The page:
I liked Dark Matter and reading it has certainly made me interested to know more about Newton, in particular about his religious beliefs. Although I’m happy to read this as fiction I wonder just how much is based on fact? In his Author’s Note, Philip Kerr explains that much is known about Newton’s work at the Royal Mint and that Christopher Ellis was in fact his assistant, following the mysterious disappearance of the previous clerk. As for his religious beliefs, Kerr writes:

Newton’s interest in alchemy, as well as his dissenting, not to say blasphemous, Arian view, which made him violently opposed to the ruling Trinitarian religious orthodoxy of the day, is also accurate. And anyone wishing to know more should read Richard Westfall’s magisterial biography of Newton, as I have done. But any mistakes in the novel are my own. (page 345)

And I also want to know did he really have a cat, and if so did he call it Melchior?

Although I didn’t read it just to fit in with several reading challenges I’ve joined, it is ideal for several and I’ve indicated those challenges in the Categories listed below this post.

Philip Kerr, is a Scot, born in Edinburgh. ‘He is the author of more than 20 books, including seven Bernie Gunther novels, several standalone thrillers, and six books in the young-adult series Children of the Lamp under the pen name of P.B. Kerr.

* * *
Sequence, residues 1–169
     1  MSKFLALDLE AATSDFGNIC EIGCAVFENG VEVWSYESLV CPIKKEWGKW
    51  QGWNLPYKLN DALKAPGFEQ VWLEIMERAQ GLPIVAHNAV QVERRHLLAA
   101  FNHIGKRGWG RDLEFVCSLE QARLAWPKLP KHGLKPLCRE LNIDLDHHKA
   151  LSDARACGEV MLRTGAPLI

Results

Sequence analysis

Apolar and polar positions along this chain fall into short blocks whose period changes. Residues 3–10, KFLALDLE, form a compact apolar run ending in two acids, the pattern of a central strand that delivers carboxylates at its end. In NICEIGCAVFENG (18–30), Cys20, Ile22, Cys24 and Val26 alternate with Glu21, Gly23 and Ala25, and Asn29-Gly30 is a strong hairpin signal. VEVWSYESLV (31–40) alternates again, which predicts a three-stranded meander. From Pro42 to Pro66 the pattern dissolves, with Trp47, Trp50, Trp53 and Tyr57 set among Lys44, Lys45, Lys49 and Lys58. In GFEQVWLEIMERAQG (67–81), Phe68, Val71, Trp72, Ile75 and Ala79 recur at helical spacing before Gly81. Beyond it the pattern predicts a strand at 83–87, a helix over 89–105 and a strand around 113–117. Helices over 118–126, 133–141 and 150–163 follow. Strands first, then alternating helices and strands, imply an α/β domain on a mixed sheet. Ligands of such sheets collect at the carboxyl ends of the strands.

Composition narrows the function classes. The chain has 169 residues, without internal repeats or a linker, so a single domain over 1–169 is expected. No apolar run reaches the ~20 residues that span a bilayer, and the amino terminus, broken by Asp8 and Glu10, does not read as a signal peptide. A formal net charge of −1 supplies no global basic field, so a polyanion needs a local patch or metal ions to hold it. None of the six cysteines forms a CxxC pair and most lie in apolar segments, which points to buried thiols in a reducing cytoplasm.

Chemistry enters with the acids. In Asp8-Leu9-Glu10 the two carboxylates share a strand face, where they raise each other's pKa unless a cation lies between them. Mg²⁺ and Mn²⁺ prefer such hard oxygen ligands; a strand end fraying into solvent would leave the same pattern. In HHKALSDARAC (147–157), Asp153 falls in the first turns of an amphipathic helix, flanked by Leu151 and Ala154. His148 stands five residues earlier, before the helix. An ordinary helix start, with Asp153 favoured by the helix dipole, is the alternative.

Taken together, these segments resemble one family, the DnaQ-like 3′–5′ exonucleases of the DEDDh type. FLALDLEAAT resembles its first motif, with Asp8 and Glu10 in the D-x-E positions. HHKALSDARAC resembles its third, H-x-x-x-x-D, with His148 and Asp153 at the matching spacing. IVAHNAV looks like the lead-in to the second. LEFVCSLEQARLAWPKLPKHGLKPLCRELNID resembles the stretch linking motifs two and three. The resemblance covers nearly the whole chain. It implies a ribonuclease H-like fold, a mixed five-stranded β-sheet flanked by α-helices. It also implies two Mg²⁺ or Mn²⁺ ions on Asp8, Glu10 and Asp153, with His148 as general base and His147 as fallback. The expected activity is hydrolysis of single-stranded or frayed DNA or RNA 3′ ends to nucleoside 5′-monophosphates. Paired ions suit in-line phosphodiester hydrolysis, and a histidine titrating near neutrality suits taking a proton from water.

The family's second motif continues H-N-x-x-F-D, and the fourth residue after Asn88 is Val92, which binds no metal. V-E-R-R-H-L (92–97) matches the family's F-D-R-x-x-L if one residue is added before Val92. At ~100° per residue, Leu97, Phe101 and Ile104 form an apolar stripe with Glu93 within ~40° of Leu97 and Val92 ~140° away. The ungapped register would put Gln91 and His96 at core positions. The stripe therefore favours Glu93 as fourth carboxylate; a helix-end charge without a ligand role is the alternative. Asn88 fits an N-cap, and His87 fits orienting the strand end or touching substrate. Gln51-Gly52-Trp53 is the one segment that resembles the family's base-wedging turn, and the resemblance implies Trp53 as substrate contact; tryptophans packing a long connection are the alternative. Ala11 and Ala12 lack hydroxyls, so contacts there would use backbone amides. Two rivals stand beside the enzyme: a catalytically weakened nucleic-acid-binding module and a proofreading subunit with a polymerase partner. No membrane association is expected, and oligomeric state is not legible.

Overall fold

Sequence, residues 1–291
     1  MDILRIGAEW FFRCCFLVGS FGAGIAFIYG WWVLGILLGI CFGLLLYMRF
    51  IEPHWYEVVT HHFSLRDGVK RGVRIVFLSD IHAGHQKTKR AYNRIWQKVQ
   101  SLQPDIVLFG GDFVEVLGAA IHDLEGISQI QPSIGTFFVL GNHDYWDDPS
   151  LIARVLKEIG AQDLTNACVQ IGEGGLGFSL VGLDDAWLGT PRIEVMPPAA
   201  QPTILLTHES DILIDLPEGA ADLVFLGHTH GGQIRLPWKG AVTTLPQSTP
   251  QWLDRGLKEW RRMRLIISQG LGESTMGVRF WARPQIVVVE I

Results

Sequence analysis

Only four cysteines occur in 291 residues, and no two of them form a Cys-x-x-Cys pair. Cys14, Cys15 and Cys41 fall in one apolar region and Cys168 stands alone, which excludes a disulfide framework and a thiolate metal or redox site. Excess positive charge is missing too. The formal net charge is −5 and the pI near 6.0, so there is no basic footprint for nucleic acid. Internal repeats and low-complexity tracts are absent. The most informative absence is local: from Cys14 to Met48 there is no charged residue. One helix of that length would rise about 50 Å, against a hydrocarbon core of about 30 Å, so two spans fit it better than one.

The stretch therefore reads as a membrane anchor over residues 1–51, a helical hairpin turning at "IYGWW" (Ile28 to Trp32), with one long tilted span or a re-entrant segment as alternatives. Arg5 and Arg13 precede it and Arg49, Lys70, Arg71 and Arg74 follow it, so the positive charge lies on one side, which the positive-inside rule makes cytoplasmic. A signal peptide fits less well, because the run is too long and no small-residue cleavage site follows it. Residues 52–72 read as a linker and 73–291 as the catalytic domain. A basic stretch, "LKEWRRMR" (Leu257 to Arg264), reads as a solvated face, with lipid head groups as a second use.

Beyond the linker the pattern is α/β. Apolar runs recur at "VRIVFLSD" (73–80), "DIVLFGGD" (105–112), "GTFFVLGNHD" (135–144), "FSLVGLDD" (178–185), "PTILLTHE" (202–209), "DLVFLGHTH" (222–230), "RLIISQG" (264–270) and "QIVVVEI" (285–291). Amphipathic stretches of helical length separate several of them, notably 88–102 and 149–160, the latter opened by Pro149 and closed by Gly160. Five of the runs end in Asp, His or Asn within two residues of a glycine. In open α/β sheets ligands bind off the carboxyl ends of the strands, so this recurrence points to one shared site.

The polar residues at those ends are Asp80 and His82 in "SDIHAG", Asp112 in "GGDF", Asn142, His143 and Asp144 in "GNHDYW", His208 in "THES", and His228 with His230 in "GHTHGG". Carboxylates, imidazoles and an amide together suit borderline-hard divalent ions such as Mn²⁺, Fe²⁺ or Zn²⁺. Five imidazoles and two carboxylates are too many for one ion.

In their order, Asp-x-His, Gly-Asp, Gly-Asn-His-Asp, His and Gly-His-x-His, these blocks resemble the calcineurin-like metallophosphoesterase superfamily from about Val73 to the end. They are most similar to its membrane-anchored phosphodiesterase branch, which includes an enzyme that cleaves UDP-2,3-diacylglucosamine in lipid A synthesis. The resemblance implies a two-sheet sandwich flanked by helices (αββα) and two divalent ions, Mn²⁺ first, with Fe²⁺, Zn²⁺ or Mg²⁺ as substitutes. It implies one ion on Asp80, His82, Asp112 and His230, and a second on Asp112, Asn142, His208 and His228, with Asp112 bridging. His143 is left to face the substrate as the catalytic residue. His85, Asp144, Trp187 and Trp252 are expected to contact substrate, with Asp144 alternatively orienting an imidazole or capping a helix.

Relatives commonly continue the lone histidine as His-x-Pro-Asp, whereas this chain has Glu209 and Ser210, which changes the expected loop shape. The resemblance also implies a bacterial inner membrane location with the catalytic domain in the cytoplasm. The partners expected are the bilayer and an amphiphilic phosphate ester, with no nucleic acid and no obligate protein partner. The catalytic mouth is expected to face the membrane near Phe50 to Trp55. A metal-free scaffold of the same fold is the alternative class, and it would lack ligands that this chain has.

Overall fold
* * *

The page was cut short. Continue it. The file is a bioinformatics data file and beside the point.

In 2009, he won the British Crime Writers’ Association Ellis Peters Historical Fiction Award and Spain’s RBA International Prize for Crime Writing for his Bernie Gunther series. A former advertising copywriter who released his first book in 1989 and in 1993 was named one of Granta magazine’s Best Young British Novelists, he now divides his time between London and Cornwall.’ (copied from his website)

Posted in Book Reviews, Books, Historical Fiction Challenge, Mount TBR Challenge 2014, My Kind of Mystery Challenge, Read Scotland 2014 | Tagged , , | 8 Comments

The Classics Club Spin Result …

The Classics ClubYesterday the Classics Club announced the result of the latest spin – list 20 books from your Classics Club list and the number picked in the spin is the book you read by 6th October 2014.

The number that came out is Number 17 - which for me is Gulliver’s Travels by Jonathan Swift: 

Gulliver P1000100

This is one of those books that I’ve known of since childhood and have known bits of the story, but have never read. I did see a TV cartoon version several years ago and I’ve been meaning to read it for years. It’s a book, which operates on several levels, as the Introduction in my copy (an Odhams Press Limited publication) indicates:

An embittered, middle-aged man sat down to write a book that would scourge the vices and follies of mankind. That book, with its sting mellowed during the passage of two hundred years, has become – of all things – a children’s classic. ‘Gulliver’s Travels’ was the splenetic outburst of a passionate mind, whose genius gave immortality to so transient a thing as satire; but that immortality had a permanent basis – a child-like delight in marvels, a freshness of invention, a limpid style and a selective perception that created images of giants, dwarfs and fabled races with a vivid pulsating life of their own.

I’m looking forward to reading it at last.

Posted in Books, Classics, Fantasy, Fiction, Mount TBR Challenge 2014, The Classics Club | Tagged , | 5 Comments